The second problem that proponents did not see coming was that the new technology itself might become a source of weakness. Planners implicitly assumed that if the Pentagon invested heavily enough in cutting-edge networks and information applications, it could leverage the warfighting potential of the new technology while staying comfortably ahead of other countries with similar ideas. Well, it hasn’t worked out that way. We now know that everybody from the Taliban to Mexican drug cartels can benefit from the reach and richness of wideband networks. Even worse, they can tap into our own networks, as China proves on a daily basis. So the military has had to launch a crash program to prevent its gee-whiz networks from being used against it (incidentally, the Navy is inexplicably trying to replace the one big network that so far has proven largely immune to hostile penetrations, in order to implement a more “advanced” architecture).
I think I should add some commentary from a CTO perspective.
- As far as I can tell, this reorganization is not because a concept fell from grace. The reorganization seems to be designed to save money by reducing staff overhead. Although I personally don’t agree that this is a smart move, the functions are being organized into other places (both at OSD and DISA) and there are high expectations that IT will continue to be enhanced and modernized in the department.
Very few believed that new IT programs would give us an ability so powerful that IT would overthrow traditional militaries. There has always been a “lunatic fringe” of folks who thought like that, but the mainstream always saw IT as a critical enabler. The folks I know who see the benefit of new operational constructs leveraging network-centric-warfare still know that real war is still a very bloody, boots-on-the-ground activity.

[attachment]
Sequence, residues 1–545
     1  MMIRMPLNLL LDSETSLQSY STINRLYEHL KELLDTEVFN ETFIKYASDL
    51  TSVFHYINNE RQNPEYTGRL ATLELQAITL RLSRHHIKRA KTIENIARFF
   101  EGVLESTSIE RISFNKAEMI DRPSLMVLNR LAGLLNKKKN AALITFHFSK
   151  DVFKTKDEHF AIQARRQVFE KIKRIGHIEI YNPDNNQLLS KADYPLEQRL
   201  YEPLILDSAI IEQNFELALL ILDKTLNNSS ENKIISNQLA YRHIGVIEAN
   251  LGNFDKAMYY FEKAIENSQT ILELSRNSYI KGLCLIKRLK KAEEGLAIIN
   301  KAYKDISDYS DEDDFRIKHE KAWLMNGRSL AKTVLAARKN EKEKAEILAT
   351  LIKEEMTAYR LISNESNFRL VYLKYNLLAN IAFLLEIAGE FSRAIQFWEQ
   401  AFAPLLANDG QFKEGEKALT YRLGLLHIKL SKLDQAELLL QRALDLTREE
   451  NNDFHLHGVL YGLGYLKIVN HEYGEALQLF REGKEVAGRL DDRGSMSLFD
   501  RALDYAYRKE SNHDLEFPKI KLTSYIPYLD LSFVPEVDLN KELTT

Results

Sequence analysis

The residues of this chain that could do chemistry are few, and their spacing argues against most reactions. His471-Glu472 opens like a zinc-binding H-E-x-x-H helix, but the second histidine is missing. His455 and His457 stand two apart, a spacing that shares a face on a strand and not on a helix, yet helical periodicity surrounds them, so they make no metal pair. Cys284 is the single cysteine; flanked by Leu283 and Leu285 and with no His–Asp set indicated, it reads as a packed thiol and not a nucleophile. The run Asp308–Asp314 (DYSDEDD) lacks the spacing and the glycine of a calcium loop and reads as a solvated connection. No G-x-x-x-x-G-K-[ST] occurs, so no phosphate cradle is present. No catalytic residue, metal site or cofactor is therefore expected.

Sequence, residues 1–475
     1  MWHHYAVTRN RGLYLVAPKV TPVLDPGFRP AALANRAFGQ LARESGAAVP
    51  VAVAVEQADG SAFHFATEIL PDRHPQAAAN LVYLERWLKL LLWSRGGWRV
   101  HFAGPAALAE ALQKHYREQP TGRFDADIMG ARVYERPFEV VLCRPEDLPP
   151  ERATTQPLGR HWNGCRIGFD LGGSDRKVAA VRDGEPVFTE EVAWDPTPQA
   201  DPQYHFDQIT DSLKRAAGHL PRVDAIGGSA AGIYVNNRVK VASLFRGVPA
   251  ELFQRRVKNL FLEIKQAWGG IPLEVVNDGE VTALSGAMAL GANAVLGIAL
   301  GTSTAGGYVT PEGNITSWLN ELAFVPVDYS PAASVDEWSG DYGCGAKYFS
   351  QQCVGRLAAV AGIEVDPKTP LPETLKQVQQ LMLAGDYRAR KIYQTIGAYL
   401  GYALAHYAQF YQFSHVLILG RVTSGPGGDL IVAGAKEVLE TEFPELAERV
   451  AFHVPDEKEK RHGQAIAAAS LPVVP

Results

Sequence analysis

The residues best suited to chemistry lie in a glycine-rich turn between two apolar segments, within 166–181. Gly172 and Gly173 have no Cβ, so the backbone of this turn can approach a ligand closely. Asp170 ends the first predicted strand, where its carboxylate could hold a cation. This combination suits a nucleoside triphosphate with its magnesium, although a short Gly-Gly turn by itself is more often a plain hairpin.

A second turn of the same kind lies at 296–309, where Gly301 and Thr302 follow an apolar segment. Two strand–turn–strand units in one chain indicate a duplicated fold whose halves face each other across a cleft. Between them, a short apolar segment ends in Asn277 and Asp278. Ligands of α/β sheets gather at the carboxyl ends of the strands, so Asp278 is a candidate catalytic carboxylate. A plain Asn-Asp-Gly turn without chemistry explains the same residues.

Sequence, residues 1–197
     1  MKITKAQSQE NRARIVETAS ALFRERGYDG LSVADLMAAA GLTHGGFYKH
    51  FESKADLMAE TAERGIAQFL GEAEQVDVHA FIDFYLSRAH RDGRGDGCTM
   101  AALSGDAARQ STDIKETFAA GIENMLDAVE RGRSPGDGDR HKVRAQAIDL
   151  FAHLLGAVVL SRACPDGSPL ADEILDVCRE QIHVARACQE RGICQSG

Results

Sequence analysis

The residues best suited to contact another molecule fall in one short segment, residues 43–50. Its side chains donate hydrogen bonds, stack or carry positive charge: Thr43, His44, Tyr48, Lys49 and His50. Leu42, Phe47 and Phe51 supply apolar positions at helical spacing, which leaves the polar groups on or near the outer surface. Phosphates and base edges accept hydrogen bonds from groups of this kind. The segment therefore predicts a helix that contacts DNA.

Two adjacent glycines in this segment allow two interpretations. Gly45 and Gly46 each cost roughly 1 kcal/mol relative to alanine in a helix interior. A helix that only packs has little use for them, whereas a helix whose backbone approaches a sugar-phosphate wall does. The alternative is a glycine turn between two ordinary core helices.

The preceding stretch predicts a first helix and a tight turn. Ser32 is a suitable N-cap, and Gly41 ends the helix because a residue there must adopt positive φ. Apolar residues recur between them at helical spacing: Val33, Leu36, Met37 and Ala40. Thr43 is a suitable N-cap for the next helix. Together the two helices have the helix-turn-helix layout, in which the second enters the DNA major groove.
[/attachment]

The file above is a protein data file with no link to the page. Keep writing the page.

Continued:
Although the title “NII” was born out of a reorganziation. Its functions existed before as ASD C3I. Its functions will continue in the future in the new organization. This is an important point.
It is certainly true that network-centric concepts made significant contributions to success in conflict. The functions of NII helped that occur. Those functions will still enhance the use of IT in the department in the future, just in a different organization. But it is true that threats evolved differently than military planners expected. Can you tell me what is new about that? We have to continue planning, of course, but should not be surprised when we are surprised (how is that for some deep national security guidance?)
It is not accurate to say that proponents of net centric warfare did not see that IT itself could be a weakness. This accusation is just unfounded. But the fact is IT is changing the military and will continue to do so, even though it has weaknesses.
Those are just some thoughts.
By the way, I’m not sure I support this move, I worry that it will be harder to continue the efficient and effective continuous improvement of IT in the Services and Joint world because of this. But as an outsider and a fan of big enterprise IT folks, I’ll be pulling for the folks who have the mission and I really hope this works out well.
For more on this topic see our reporting on National Security and Technology and at: